tag:blogger.com,1999:blog-1953325079793449971.comments2019-03-19T07:37:07.156+03:00Algorithms Weekly by Petr MitrichevPetr Mitrichevhttps://plus.google.com/108329321411299197209noreply@blogger.comBlogger702125tag:blogger.com,1999:blog-1953325079793449971.post-11515349933912281872019-03-19T07:37:07.156+03:002019-03-19T07:37:07.156+03:00A Computer Science portal for geeks. It contains w...A Computer Science portal for geeks. It contains well written, well thought and well<br />explained computer science and programming articles, quizzes and practice/competitive<br />programming/company interview Questions.<br />website: geeksforgeeks.orgbyodbuzz04https://www.blogger.com/profile/16207049481222356975noreply@blogger.comtag:blogger.com,1999:blog-1953325079793449971.post-20349805397298086792019-03-12T07:13:02.759+03:002019-03-12T07:13:02.759+03:00An observation is that, if we generate another int...An observation is that, if we generate another integer x' by reshuffling decimal digits of a non-negative integer x, we have f(x) = f(x'). For example, f(123) = f(321). The order of digits doesn't matter when using a knapsack-like DP to calculate f(x), so if we only consider 0 <= m < 10^17, the number of distinct DP states should not exceed C(17+10-1, 10-1) = 3124550. With some observation mentioned in analysis, it is enough to only consider these m for building a considerable state space. However, it is still hard to explain why the number of states can be minimized into quite a smaller number than the number above.Jingzhe Tanghttps://www.blogger.com/profile/01861366645446189606noreply@blogger.comtag:blogger.com,1999:blog-1953325079793449971.post-26960939026611654372019-03-12T00:54:05.209+03:002019-03-12T00:54:05.209+03:00Intermediate sums can be arbitrary, but it's n...Intermediate sums can be arbitrary, but it's not hard to prove that we can always obtain a number between 0 and 9 in the end.Petr Mitrichevhttps://www.blogger.com/profile/00138130656174416711noreply@blogger.comtag:blogger.com,1999:blog-1953325079793449971.post-66780953927446428332019-03-12T00:18:17.749+03:002019-03-12T00:18:17.749+03:00Is f(x) in every moment is less than or equal to 2...Is f(x) in every moment is less than or equal to 20 ?dalgeroknoreply@blogger.comtag:blogger.com,1999:blog-1953325079793449971.post-89449482806901778292019-03-09T01:18:16.288+03:002019-03-09T01:18:16.288+03:00wow , what an amazing confidence you have . Just b...wow , what an amazing confidence you have . Just by seeing the submission you reached conclusion that if someone is able to solve that problem , then i could also . <br /><br />great . Unknownhttps://www.blogger.com/profile/18409198011346767092noreply@blogger.comtag:blogger.com,1999:blog-1953325079793449971.post-82594075861128796112019-03-04T23:13:20.303+03:002019-03-04T23:13:20.303+03:00niceniceashutoshhttps://www.prohindiblogger.com/2019/03/how-to-fix-broken-link.htmlnoreply@blogger.comtag:blogger.com,1999:blog-1953325079793449971.post-69619063332451840722019-02-27T16:07:53.098+03:002019-02-27T16:07:53.098+03:00Yes, I was alone. I guess the problems suited me r...Yes, I was alone. I guess the problems suited me really well, last time I tried to do Open Cup alone I think I ended up outside the top 30.<br /><br />One advantage that I had compared to your team, for example, is that I had seen the scoreboard from the Beijing camp, so I knew which problems are easy.<br /><br />Petr Mitrichevhttps://www.blogger.com/profile/00138130656174416711noreply@blogger.comtag:blogger.com,1999:blog-1953325079793449971.post-37710746931903727022019-02-27T15:47:59.065+03:002019-02-27T15:47:59.065+03:00Is the gp of Bytedance your solo play? No offense,...Is the gp of Bytedance your solo play? No offense, I'm just really impressed by the performance.xudyhhttps://www.blogger.com/profile/07975820600036974310noreply@blogger.comtag:blogger.com,1999:blog-1953325079793449971.post-13005016000014046392019-02-18T17:57:19.001+03:002019-02-18T17:57:19.001+03:00nice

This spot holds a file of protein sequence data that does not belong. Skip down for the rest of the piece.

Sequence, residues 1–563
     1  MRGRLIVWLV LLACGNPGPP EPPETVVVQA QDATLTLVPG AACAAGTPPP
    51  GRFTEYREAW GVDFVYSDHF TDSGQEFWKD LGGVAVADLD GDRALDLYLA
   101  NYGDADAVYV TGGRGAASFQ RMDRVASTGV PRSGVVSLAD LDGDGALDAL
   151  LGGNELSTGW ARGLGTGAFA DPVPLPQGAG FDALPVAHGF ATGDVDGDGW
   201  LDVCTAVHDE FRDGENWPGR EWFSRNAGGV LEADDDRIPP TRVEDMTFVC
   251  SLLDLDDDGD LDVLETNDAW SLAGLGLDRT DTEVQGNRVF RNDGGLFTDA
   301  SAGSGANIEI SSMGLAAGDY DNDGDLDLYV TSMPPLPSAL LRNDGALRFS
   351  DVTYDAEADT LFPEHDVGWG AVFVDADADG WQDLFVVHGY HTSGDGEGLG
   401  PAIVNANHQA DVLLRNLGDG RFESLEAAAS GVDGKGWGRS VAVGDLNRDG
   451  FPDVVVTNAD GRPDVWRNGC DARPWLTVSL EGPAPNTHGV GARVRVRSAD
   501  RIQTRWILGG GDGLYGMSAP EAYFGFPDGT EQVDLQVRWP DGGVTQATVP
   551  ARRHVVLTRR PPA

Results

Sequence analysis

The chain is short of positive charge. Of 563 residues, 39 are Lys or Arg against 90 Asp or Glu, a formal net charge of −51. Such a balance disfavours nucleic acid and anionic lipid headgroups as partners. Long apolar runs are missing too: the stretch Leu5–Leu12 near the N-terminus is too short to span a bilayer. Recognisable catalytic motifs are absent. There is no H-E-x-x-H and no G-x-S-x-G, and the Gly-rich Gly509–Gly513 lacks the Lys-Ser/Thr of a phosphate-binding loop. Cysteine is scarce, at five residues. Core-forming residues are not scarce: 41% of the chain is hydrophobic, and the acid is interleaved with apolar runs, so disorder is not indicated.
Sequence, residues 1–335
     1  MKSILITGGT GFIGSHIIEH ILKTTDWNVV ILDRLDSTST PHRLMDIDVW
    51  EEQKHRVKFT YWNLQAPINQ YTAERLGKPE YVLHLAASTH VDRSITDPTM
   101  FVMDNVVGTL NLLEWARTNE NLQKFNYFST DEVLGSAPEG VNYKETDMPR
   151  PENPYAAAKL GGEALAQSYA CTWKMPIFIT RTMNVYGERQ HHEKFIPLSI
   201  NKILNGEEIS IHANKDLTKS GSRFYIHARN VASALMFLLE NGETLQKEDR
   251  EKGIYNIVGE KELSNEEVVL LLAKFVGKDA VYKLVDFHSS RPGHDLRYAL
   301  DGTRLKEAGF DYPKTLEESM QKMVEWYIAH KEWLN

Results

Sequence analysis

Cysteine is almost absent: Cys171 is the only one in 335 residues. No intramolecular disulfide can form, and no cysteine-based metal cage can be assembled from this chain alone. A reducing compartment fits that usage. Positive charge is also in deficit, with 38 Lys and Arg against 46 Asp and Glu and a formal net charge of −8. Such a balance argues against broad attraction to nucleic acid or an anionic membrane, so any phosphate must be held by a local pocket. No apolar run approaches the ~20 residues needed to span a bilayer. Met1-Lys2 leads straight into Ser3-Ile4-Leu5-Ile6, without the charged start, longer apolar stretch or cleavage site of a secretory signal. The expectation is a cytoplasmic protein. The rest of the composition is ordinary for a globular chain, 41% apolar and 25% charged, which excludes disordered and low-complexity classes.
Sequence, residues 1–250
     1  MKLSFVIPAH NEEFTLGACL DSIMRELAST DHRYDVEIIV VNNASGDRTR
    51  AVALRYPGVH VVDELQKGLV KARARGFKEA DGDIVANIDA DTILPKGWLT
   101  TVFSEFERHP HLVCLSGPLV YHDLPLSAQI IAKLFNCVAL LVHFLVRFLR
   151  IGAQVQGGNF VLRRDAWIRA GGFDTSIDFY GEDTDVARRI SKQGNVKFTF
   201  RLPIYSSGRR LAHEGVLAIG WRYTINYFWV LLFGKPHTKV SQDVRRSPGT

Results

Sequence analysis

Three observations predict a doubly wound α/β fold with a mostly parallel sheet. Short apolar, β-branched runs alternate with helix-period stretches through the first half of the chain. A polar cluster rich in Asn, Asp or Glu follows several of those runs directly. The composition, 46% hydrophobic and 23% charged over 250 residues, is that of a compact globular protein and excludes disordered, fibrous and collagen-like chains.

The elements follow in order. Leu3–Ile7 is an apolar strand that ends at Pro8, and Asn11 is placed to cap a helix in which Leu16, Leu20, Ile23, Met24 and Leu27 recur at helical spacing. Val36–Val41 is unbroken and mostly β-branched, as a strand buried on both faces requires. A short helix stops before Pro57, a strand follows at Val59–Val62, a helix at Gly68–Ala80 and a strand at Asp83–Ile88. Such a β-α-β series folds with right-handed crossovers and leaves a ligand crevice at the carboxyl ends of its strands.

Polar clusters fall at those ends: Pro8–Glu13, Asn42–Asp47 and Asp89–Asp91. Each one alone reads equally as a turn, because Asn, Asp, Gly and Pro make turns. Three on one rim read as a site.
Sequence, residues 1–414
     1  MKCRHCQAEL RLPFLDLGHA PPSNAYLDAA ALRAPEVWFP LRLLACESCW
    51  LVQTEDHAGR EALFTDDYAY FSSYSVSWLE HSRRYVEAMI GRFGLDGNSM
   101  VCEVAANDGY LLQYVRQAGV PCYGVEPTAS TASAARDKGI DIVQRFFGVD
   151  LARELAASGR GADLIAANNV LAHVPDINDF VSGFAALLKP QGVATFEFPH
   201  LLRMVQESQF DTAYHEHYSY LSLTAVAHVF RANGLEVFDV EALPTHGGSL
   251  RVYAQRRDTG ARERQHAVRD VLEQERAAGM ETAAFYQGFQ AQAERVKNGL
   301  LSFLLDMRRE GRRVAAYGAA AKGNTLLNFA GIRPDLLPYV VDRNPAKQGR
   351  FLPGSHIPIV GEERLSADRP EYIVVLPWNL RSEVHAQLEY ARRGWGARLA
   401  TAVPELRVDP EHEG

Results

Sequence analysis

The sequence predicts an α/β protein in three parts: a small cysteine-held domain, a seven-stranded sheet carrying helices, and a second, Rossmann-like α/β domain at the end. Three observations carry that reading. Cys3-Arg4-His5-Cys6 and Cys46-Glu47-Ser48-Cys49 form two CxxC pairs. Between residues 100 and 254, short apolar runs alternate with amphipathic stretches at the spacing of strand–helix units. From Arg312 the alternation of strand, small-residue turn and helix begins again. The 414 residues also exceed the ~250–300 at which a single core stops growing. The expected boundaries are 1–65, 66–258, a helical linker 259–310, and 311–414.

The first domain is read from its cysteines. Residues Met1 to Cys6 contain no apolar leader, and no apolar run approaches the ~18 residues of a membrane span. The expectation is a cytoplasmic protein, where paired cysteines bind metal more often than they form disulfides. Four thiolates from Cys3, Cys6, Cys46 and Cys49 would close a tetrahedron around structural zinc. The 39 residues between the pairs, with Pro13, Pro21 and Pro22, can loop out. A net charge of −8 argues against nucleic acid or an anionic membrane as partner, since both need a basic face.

nice<br />Unknownhttps://www.blogger.com/profile/12635708429243729033noreply@blogger.comtag:blogger.com,1999:blog-1953325079793449971.post-13693905931506052902019-02-18T04:00:45.107+03:002019-02-18T04:00:45.107+03:00Nice post man. Nice post man. Krishhttps://www.blogger.com/profile/07248542701423975569noreply@blogger.comtag:blogger.com,1999:blog-1953325079793449971.post-20692578993162785152019-02-11T05:04:33.246+03:002019-02-11T05:04:33.246+03:00No problem for this week :(No problem for this week :(gagannagpal68https://www.blogger.com/profile/05761487952049924233noreply@blogger.comtag:blogger.com,1999:blog-1953325079793449971.post-3270566053398806842019-02-04T22:59:33.801+03:002019-02-04T22:59:33.801+03:00Looks good modulo small details!Looks good modulo small details!Petr Mitrichevhttps://www.blogger.com/profile/00138130656174416711noreply@blogger.comtag:blogger.com,1999:blog-1953325079793449971.post-34554426550493642092019-02-04T08:53:29.296+03:002019-02-04T08:53:29.296+03:00Hi, I have a solution. Please try to give it a loo...Hi, I have a solution. Please try to give it a look.<br /><br />Check if parity of count of '1' in target matrix is same as that of source matrix.<br />If it is not, answer is clearly not possible.<br />Now, let diff = courn1(source) - count1(target)<br />We need to destroy diff number of '1's from source, if diff is negative. ans is not possible.<br />Strategy to destroy 1's seems important. A greedy strategy(Destroying right bottom corer 1's could be wrong). <br />Let's think after some point. We can create a graph from source to target 1's. Edges from source 1's will be to all target 1's which are in bottom right. Just a max bi partite matching would tell us. Now, We will be destroying redundant edges. This can take 9*47/2 = 212 operations in worst case.<br />Now, In gauss elimination fashion we can move our 1's.<br />This can take 9*47 = 423 moves.<br /><br />Total moves = 635 moves.gagannagpal68https://www.blogger.com/profile/05761487952049924233noreply@blogger.comtag:blogger.com,1999:blog-1953325079793449971.post-68489497109852874392019-02-03T11:26:56.294+03:002019-02-03T11:26:56.294+03:00hi i am new to this blog could you please tell me ...hi i am new to this blog could you please tell me how should i proceed to learn algorithm and data structure.Also i it would be better if you could tell me how can i perfect them?Unknownhttps://www.blogger.com/profile/12048406708116046023noreply@blogger.comtag:blogger.com,1999:blog-1953325079793449971.post-12108991592431827882019-01-13T13:38:48.278+03:002019-01-13T13:38:48.278+03:00It's a bit surprising that 9 years have passed...It's a bit surprising that 9 years have passed since I set problems :)<br />Makoto Soejimahttps://www.blogger.com/profile/04015679813508313744noreply@blogger.comtag:blogger.com,1999:blog-1953325079793449971.post-34958969164067298512019-01-13T10:06:02.204+03:002019-01-13T10:06:02.204+03:00I don't, so I've never tried to use any to...I don't, so I've never tried to use any tools for it. Consider searching or asking on Codeforces directly :)Petr Mitrichevhttps://www.blogger.com/profile/00138130656174416711noreply@blogger.comtag:blogger.com,1999:blog-1953325079793449971.post-57499389511063857552019-01-11T15:53:23.638+03:002019-01-11T15:53:23.638+03:00Petr, do you use Visual Studio for codefource comp...Petr, do you use Visual Studio for codefource competitions? Is it possible to create some tests in Visual studio for the program by setting inputs and outputs like it work in Idea?Олег Игнатовhttps://www.blogger.com/profile/01696849881143325134noreply@blogger.comtag:blogger.com,1999:blog-1953325079793449971.post-46302063896248546282019-01-11T15:51:47.494+03:002019-01-11T15:51:47.494+03:00This comment has been removed by the author.Олег Игнатовhttps://www.blogger.com/profile/01696849881143325134noreply@blogger.comtag:blogger.com,1999:blog-1953325079793449971.post-6743149909235348872019-01-08T12:24:36.995+03:002019-01-08T12:24:36.995+03:00Wow, nice spot! Here's a link for the TopCoder...Wow, nice spot! Here's a link for the TopCoder problem: https://community.topcoder.com/stat?c=problem_statement&pm=10758&rd=14154Petr Mitrichevhttps://www.blogger.com/profile/00138130656174416711noreply@blogger.comtag:blogger.com,1999:blog-1953325079793449971.post-69900244094693310252019-01-08T11:07:45.319+03:002019-01-08T11:07:45.319+03:009 years passed. The hard of SRM 472 became B of Co...9 years passed. The hard of SRM 472 became B of Codeforces. :(Unknownhttps://www.blogger.com/profile/07651003745735072591noreply@blogger.comtag:blogger.com,1999:blog-1953325079793449971.post-53044329345264730922019-01-07T12:48:33.396+03:002019-01-07T12:48:33.396+03:00My numbers are from your first definition of unifo...My numbers are from your first definition of uniform random -- it can also be stated as choosing uniformly from the volume of the n-1 dimensional space of possible distributions. The second definition is a little different since the total denominator is not independent w.r.t. individual weights, which favors "middling" distributions more since a higher numerator also corresponds to a higher denominator.<br /><br />Your approach makes sense and is good in practice when N is high enough. It will systematically underestimate the lower-mass values (and overestimate higher-mass values), in short because for p1 < p2 < 0.5 it's less likely for a population of p1 to produce a sample of p2 than for a population of p2 to produce a sample of p1. This is essentially the same relation as t-stat vs. z-score in single variable distributions.<br /><br />My slightly modified version of your code is here: https://pastebin.com/Q8PmbHWcScottnoreply@blogger.comtag:blogger.com,1999:blog-1953325079793449971.post-88655556097831223902019-01-07T11:15:51.237+03:002019-01-07T11:15:51.237+03:00Thanks! The reason I did not choose that path is t...Thanks! The reason I did not choose that path is that I could not explain to myself what is a uniformly random population distribution. Is it the one where we pick n-1 weights such that their sum is less than 1 and probability density is constant everywhere, and pick the n-th weight as one minus the sum? Or is it the one where we pick n uniformly random weights between 0 and 1 and divide by their sum?<br /><br />Could you share the code you used to obtain your numbers?<br /><br />I thought my approach would be a good practical way to sample from the unknown distribution space. I.e., I'm essentially assuming that for discrete distributions with the same denominator the probability to sample A from B is similar to the probability to sample B from A [times the prior for A], at least when the two distributions are close. Does it make sense?Petr Mitrichevhttps://www.blogger.com/profile/00138130656174416711noreply@blogger.comtag:blogger.com,1999:blog-1953325079793449971.post-20543712495224253472019-01-07T01:55:22.354+03:002019-01-07T01:55:22.354+03:0060% is a great ballpark! The Colab essentially cal...60% is a great ballpark! The Colab essentially calculates "Assuming this result as the true population distribution, what is the probability that a choice will win on 91 randomly selected votes?"<br /><br />The number you actually want is roughly the converse: "If a randomly-selected population distribution produced this result in 91 votes, what is the probability of a choice being the true population max?" If you choose a uniformly random population distribution, the results are quite similar although the smaller choices are given significantly more mass -- 58% chance for problem 4 compared to 60% in your model, but 0.61% chance for problem 5 compared to your 0.34%.Scottnoreply@blogger.comtag:blogger.com,1999:blog-1953325079793449971.post-48919021075426181432019-01-06T17:42:22.192+03:002019-01-06T17:42:22.192+03:00This is Laax.This is Laax.Petr Mitrichevhttps://www.blogger.com/profile/00138130656174416711noreply@blogger.comtag:blogger.com,1999:blog-1953325079793449971.post-46565721196559332772019-01-06T17:05:56.316+03:002019-01-06T17:05:56.316+03:00which place is this?? @petrwhich place is this?? @petrAnonymousnoreply@blogger.com